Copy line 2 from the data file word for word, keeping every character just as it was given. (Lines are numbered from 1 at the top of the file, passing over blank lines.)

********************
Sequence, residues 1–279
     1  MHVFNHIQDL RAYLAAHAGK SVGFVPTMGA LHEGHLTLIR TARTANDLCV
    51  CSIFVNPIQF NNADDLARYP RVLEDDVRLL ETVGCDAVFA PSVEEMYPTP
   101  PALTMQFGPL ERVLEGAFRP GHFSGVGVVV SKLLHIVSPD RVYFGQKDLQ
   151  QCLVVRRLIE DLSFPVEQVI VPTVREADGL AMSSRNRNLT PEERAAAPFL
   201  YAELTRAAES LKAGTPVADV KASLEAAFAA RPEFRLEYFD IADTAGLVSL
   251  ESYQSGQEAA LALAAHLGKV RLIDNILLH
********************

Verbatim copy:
     1  MHVFNHIQDL RAYLAAHAGK SVGFVPTMGA LHEGHLTLIR TARTANDLCV